Further to mention, the National Popular vote is only applicable in the several states that embrace it. For a state to embrace the contextual election framework, then, the state needs to passes the legislation in joining the National Popular Vote Compact (Brody, 2013). Seconding Brody(2013), in the case where a state passes the legislation to specifically join the National Popular Vote Compact, it, therefore, pledges that its entire electoral votes will be offered to which the presidential candidate who not only wins the popular vote but nationwide. However, it is worth noting that, the above-mentioned bill only becomes applicable in the scenario when the state with the majority votes during the presidential elections will have passed the similar legislation. As such, in the case where the state with the majority votes has not passed the related legislation, such will account that the bill will hence not be applicable which consequently results to the invalidity of the contextual framework- National Popular Vote.

Electoral College

Just like the National Popular Vote, the Electoral College is also a framework embraced when conducting national elections in the United States. Electoral College as a framework also target the presidential elections. However, the framework will differ from the National Popular Vote in various ways. Concerning the above mentioned, this section seeks to bring to light the various unique aspects of the Electoral College.

Notably, the Electoral College comprises of 538 electors. All these electors cast votes in order to elect both the president as well as vice president of the United States. It is worth noting that, the 538 electors represents the total sum of three components- nation’s 435 Representatives, 100 Senators as well as three electors offered to the District of Columbia. Based on the electoral college as an election framework, the presidential candidate who wins the election is the one who has received the majority of the electoral votes – 270(Bayh, 2014).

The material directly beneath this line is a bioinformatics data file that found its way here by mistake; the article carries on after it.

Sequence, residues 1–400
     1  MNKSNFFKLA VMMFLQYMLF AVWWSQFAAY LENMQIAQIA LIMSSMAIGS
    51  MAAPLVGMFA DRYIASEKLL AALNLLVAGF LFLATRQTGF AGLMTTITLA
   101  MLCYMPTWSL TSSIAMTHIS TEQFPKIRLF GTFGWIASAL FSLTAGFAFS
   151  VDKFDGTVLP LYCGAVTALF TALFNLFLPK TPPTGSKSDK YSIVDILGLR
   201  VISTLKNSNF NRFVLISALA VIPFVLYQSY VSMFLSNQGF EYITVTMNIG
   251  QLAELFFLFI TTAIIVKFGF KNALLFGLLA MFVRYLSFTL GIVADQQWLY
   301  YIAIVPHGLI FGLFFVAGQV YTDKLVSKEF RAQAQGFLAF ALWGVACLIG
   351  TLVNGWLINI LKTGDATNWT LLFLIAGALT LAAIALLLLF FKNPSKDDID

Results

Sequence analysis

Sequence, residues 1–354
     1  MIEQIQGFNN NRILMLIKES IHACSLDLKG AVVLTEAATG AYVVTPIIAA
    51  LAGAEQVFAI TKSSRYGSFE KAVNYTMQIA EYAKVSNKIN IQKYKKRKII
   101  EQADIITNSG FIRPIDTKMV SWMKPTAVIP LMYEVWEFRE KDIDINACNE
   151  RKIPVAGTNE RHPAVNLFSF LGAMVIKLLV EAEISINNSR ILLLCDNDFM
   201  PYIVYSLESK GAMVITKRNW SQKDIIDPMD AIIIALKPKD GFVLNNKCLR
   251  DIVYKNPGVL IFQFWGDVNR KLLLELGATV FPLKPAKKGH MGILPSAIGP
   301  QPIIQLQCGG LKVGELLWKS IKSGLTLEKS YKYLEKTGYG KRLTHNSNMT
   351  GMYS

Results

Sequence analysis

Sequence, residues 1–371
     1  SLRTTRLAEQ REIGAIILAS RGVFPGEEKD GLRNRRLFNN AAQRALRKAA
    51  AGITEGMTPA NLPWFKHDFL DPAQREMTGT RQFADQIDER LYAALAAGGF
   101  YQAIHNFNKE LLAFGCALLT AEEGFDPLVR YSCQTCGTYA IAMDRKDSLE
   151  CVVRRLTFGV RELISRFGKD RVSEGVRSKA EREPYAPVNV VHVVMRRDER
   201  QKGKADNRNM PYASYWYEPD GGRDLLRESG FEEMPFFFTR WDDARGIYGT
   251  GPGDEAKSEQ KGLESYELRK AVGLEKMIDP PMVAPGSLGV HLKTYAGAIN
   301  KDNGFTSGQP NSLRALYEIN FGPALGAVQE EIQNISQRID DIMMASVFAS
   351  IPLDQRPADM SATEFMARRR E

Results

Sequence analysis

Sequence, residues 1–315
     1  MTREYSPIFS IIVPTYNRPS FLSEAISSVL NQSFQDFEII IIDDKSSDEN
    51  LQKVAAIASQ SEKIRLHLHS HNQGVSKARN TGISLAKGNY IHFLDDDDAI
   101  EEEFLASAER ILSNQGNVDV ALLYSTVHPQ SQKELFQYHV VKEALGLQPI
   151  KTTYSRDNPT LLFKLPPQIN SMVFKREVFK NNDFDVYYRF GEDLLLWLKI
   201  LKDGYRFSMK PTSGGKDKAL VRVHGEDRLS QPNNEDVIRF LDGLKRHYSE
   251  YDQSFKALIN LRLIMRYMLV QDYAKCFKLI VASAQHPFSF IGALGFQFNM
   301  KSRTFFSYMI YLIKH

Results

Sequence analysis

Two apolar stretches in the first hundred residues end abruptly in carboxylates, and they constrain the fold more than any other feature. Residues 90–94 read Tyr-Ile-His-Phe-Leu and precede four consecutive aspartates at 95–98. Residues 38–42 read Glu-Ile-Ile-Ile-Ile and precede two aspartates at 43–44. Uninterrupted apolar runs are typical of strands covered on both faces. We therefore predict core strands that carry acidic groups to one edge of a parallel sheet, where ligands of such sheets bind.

What is more, the Electoral College as an election framework operates in a significant and unique way. With the framework targeting the election of the president and vice president, after four years in the United States, the voters will get to the polls in order to elect the two above mentioned officials. Under this framework, for a candidate win to the presidential elections, the candidate ought to win first at the state level. At the state level, it is worth noting that, the candidate must win the majority of the votes in a state (Bayh, 2014). Such will account for the candidate winning that state’s electoral vote. Worth noting is that, the above scenario will apply for all the states except two states –Maine and Nebraska. Bayh (2014) brings to light that, in the pre-stated exceptional states, the electoral votes in these states are assigned through proportional representation. Such means that, the candidate who has the most votes will get two electoral votes specifically for the two senators. At the same time, the other electoral votes are usually allocated congressional district particularly by the congressional district (Bayh, 2014). Through the above-mentioned mode of allocation of the electoral votes in the two exceptional states, that is Maine and Nebraska, it hence makes it possible for both presidential candidates and their vice president to receive the electoral votes from the two states, contrary to the scenario where the winner-take-it all system for the entire of the states- 48 states.